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4 The Translation of the Image of Edessa

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Chapter Summary

In his sermon, Gregory addressed his listeners and narrated the ancient tales of the Edessean image, repeating, paraphrasing and comparing the traditions. Roughly contemporary to Gregory Referendarius' sermon is the Narratio de imagine Edessena, a long "Story of the Image of Edessa" composed on the occasion of its translation to Constantinople and ascribed to emperor Constantine VII Porphyrogennetos. Surviving manuscripts show that the treaty was altered over the course of several drafts. It can be concluded that none of the Byzantine texts composed on the occasion of the arrival in Constantinople of the Edessean image, written by emperor Constantine Porphyrogennetos, and reworked under his control, or created and subsequently disseminated all over the whole East especially for liturgical services contains any element that might be used to corroborate the hypothesis that the acheiropoieton cloth contained the entire image of a corpse or that it was the burial cloth of Jesus.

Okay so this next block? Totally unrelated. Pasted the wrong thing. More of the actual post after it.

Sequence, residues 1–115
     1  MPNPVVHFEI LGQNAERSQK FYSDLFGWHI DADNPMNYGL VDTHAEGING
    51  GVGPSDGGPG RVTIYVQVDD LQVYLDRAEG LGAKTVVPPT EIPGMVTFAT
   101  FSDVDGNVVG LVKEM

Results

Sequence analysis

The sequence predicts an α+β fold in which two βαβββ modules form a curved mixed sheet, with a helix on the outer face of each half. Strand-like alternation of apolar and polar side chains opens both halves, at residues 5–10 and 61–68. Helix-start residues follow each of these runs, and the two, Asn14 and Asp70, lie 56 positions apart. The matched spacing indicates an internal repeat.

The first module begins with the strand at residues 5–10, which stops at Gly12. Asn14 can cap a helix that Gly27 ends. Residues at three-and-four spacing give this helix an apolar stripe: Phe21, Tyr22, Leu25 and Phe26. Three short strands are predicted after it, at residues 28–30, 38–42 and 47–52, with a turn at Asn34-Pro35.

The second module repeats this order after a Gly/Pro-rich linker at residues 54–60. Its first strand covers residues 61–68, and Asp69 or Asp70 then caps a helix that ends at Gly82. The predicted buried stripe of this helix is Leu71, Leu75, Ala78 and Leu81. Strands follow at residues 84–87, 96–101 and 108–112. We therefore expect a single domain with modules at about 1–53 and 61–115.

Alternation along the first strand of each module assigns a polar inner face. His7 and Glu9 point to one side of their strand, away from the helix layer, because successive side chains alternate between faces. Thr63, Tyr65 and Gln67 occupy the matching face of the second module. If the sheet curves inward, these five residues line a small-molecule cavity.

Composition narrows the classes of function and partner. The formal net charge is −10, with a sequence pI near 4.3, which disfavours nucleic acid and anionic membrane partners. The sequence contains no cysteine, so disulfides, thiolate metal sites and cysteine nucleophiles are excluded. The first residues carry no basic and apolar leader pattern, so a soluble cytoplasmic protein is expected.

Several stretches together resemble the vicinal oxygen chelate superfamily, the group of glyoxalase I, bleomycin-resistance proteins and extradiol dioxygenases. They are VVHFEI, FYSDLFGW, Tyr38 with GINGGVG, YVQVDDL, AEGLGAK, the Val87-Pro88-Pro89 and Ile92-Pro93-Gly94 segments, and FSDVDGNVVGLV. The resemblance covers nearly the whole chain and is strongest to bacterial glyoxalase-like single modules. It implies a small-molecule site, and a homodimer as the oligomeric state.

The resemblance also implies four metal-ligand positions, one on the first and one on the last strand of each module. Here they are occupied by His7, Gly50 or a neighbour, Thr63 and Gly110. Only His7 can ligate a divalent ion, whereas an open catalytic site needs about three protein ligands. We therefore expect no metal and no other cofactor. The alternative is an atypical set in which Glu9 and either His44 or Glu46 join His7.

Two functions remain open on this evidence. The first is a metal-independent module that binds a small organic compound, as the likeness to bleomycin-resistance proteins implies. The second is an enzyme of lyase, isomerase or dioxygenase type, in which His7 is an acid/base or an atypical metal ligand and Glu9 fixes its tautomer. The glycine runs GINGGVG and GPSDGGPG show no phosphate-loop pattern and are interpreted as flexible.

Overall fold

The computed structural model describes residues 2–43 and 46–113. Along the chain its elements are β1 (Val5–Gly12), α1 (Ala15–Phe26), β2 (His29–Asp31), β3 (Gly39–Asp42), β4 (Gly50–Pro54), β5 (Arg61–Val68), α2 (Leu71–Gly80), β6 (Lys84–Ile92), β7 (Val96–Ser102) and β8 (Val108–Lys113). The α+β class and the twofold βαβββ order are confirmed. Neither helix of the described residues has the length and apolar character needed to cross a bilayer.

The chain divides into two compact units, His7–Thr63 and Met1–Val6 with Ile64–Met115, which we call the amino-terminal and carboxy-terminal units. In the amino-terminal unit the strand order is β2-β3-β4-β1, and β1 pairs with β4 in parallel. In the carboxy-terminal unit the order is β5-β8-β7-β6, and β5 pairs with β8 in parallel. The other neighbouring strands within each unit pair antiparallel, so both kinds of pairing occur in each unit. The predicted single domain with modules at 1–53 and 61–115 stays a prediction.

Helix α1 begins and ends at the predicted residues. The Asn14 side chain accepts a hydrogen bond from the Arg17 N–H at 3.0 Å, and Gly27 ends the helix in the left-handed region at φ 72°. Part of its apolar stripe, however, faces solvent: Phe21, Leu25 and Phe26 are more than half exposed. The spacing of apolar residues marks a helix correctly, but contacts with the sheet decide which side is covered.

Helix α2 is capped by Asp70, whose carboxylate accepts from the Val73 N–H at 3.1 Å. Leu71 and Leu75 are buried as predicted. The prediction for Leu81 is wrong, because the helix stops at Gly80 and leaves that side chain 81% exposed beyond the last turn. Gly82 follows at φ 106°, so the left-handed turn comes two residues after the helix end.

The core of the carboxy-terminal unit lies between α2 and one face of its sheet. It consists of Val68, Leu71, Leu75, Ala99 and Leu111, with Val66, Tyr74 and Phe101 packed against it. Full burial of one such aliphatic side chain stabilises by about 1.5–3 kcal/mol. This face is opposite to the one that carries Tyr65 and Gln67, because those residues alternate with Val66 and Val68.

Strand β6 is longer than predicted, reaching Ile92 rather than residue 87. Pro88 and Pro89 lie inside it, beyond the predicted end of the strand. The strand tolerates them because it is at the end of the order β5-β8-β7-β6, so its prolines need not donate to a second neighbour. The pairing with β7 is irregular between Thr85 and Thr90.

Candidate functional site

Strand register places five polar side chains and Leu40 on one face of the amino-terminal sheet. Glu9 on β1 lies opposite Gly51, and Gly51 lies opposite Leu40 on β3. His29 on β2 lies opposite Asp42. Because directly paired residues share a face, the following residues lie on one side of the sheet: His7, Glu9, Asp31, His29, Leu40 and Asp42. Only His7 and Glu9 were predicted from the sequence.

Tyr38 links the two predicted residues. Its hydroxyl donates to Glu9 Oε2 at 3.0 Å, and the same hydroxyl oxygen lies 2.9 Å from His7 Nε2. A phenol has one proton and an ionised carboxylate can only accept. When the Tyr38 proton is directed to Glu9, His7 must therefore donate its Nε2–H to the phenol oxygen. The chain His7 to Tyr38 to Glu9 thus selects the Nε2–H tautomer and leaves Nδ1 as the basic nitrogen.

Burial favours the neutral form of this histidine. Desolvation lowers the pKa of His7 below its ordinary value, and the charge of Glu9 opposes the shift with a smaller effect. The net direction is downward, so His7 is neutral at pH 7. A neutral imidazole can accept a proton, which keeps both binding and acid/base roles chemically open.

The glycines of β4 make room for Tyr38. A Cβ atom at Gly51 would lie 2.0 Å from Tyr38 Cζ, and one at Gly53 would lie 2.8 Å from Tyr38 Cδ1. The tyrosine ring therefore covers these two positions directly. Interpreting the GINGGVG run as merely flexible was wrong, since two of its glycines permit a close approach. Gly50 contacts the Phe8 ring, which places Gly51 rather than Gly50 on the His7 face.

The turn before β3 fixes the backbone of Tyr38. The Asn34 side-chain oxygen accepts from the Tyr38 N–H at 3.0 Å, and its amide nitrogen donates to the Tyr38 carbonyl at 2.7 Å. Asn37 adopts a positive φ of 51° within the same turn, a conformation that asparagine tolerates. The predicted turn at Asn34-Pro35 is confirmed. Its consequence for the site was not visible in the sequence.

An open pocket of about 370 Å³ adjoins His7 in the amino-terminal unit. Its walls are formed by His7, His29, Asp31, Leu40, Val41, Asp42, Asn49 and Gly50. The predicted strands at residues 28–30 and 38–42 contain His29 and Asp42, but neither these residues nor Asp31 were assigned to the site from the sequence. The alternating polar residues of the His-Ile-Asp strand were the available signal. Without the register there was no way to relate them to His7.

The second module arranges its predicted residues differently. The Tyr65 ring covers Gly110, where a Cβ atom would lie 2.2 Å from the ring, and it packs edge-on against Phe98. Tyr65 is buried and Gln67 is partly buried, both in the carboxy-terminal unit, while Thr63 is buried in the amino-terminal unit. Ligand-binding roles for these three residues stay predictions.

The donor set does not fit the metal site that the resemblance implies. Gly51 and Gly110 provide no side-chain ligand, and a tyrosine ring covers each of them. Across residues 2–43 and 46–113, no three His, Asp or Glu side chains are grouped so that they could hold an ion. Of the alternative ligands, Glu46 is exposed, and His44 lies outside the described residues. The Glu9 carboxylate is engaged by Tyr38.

Keywords: Constantine VII Porphyrogennetos; Constantinople; Edessa; Edessean; Gregory Referendarius'; Jesus



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